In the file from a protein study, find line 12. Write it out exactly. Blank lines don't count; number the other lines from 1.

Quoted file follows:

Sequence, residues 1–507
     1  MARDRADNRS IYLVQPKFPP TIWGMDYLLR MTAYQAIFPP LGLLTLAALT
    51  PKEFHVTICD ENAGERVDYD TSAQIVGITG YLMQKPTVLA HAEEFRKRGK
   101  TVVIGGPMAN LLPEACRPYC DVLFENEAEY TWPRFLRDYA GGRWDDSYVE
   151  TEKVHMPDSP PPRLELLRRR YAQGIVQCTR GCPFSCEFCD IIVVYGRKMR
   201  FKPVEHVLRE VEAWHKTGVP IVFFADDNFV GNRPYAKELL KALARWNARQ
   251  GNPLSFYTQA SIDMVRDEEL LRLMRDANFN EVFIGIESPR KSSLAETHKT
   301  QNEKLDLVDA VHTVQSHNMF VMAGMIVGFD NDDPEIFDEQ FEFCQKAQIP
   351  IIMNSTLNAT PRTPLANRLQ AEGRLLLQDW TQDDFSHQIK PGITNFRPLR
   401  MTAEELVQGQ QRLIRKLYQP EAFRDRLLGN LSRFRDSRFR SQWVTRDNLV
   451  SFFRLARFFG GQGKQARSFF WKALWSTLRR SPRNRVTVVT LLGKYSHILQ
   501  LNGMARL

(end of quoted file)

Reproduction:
   501  LNGMARL